Tales of Punishment and Revenge
Written by: Matthew Warner
Published by: Undaunted Press
Reviewed by Justine Manzano
There are horror stories and there are things that just unnerve you right down to your very soul. The things that illicit a cry of “Oh, no! That’s just not right…”. That’s what Matthew Warner writes. Warner doesn’t need monsters to creep his readers out so much as his take on the basest ways of human nature. In Death Sentences: Tales of Punishment and Revenge, Warner uses a series of five short stories to hammer home one truth that, upon reading this, becomes undeniable: No bad deed goes unpunished.
The very first story in this novel is called “Middle Passage” and is about a future slave’s ride on a slave ship and the horrors that he and his daughter meet up with along the ride, including an evil captain who plots to destroy them for the sake of insurance money. The horror here was mostly in the simple truth of the world they lived in, and as I read, I couldn’t help but be astounded at the tremendous amount of research that was poured into this, just one of his five stories. But then, if there is one thing that seems to be Warner’s niche, it’s that. As far as I can see, the man has never wrote a damn thing without an impeccable amount of research.
The second story, entitled “Angel’s Wings”, is about a young unwed girl in the old south named Alice who has gained psionic powers, upon becoming a woman. Her mother calls these powers her “angel’s wings” because her mother believes that her powers were stolen from the angels and that, for this, God is on a mission to punish them. The story follows Alice on a journey to understand both her powers and why she would be punished for something she has no control over. A dangerous religious debate with the town’s religious leader, Reverend Forney (I have my own theories about why he might be named that) leads to a lesson about being sure you know exactly who you’re trusting.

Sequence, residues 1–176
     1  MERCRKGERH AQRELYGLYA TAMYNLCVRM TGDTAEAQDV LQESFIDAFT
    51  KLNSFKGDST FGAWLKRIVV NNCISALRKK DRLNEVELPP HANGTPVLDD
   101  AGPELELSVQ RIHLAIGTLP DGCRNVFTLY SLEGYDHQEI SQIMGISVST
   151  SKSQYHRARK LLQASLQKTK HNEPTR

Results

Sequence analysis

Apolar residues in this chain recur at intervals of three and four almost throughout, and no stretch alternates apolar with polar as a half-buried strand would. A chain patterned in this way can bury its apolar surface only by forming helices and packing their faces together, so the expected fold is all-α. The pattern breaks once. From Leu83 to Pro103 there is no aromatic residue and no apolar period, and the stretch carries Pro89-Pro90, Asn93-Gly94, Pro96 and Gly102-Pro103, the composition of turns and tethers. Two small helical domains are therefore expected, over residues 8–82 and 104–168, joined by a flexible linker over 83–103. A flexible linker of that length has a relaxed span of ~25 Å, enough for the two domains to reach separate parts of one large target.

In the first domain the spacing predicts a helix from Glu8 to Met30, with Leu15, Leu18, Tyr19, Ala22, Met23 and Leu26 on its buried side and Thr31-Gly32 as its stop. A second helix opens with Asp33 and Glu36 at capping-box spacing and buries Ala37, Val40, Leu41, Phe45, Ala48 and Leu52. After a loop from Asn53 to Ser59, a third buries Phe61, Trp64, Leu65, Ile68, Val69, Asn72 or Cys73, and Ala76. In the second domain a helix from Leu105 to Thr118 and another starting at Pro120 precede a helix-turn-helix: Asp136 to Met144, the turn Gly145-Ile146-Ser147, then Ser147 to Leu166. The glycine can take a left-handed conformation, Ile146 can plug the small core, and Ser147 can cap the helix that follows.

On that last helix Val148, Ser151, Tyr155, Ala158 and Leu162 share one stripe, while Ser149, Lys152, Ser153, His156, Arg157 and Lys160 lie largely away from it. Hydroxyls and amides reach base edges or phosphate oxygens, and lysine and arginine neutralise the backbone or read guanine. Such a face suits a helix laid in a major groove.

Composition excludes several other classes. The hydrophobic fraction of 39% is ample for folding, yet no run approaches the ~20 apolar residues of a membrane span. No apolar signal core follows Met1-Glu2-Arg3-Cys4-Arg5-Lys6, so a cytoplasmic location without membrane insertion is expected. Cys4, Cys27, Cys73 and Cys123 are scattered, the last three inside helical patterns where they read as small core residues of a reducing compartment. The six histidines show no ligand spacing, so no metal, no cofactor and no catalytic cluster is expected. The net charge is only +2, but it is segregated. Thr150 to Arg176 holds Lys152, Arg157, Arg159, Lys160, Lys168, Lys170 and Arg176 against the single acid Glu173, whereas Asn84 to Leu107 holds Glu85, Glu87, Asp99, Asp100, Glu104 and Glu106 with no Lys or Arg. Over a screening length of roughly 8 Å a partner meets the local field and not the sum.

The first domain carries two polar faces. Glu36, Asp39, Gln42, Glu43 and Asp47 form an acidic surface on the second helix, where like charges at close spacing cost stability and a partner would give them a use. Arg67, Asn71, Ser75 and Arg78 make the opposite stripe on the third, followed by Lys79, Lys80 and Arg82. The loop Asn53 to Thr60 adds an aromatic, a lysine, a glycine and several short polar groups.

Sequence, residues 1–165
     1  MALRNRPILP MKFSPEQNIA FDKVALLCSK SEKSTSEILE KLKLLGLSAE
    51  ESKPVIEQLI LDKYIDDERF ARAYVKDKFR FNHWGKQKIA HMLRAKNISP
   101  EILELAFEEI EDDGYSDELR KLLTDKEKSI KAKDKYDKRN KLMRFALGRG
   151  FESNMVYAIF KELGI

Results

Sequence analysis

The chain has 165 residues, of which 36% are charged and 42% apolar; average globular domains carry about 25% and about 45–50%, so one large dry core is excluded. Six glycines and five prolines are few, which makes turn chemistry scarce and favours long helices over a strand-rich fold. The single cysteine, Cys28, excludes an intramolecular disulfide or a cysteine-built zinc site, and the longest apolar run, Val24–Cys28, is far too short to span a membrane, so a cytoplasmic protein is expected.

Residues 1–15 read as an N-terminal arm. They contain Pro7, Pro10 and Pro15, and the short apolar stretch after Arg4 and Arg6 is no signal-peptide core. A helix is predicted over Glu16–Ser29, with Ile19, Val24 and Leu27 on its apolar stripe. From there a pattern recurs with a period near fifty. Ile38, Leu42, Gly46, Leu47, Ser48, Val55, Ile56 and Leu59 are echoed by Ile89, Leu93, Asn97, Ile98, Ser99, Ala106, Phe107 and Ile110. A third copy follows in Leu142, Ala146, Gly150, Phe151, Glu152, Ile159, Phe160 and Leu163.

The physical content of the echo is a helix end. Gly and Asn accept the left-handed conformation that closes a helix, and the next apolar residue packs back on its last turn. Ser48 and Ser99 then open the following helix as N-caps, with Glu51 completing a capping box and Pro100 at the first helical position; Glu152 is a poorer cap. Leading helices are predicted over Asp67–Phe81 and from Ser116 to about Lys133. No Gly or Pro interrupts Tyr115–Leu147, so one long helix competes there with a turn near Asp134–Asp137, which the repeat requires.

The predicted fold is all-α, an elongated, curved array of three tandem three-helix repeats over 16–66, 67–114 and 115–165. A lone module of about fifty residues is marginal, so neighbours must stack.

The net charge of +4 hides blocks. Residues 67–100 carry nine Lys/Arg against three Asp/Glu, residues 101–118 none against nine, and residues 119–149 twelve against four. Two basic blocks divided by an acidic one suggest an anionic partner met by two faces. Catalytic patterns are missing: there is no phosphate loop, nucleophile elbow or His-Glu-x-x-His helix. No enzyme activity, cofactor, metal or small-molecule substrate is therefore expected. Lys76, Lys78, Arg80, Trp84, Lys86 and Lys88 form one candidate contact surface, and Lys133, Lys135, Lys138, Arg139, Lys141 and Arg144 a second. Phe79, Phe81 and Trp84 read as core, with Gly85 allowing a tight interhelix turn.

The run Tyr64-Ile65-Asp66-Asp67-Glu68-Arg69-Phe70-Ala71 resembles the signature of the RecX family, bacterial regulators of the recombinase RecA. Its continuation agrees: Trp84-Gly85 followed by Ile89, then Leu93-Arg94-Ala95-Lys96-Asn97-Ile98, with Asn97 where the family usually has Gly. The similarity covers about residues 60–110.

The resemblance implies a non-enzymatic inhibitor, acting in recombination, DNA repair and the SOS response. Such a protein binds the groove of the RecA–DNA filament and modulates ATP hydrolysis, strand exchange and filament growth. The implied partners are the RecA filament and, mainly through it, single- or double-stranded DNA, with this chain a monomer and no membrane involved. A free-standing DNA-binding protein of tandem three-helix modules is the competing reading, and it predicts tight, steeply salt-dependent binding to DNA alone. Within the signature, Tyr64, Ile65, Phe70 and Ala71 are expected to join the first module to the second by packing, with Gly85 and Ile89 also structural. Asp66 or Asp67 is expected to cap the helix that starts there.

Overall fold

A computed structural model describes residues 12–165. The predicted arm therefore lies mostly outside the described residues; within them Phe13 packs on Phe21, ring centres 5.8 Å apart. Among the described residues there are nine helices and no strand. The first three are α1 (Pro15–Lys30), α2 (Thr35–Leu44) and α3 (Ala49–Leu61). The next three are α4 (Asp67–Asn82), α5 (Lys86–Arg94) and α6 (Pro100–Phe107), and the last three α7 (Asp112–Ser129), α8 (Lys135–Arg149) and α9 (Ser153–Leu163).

The third and fourth stories were shorter than the others, but were my favorites by far. The true and heart-wrenching tales of two separate boys going through a divorce and the difficulty they face dealing with their parents afterwards, this one hit a personal spot with me. Naturally, the tales themselves aren’t true but the feelings behind them ring through with great clarity. The first of the two, “The Cave”, involves a boy named Carl and his attempt to rescue his father from a cave that may be alive. The second, “A Second Chance”, is the story of Scott and the mystery of where he is and what has happened to him as he wakes up isolated and alone with vivid memories of the pain of his parents divorce but completely unable to find a way out of his surroundings.
The final story, “The Forgiving Type” is the most haunting by far. The story is about a small town where the man who runs the crematorium is arrested for cannibalizing bodies and giving his customers fake remains. In this town lives Parker, a cop who accidentally misfires his gun upon being startled, thus killing his wife, and who finds out that his wife was one of those that had been cannibalized. This story ends up as the perfect bookend to the collection as it is more about forgiveness then it is about vengeance.
Matthew Warner is an intelligent writer that deserves praise. His writing is gritty and realistic, hammering home the truth of the harsher sides of our world. He doesn’t sugar-coat things and he doesn’t soften blows and though there are many writers out there who pull no punches, Warner is not out for gore. He is out for truth in amazing circumstances and that is what truly makes a horror writer great.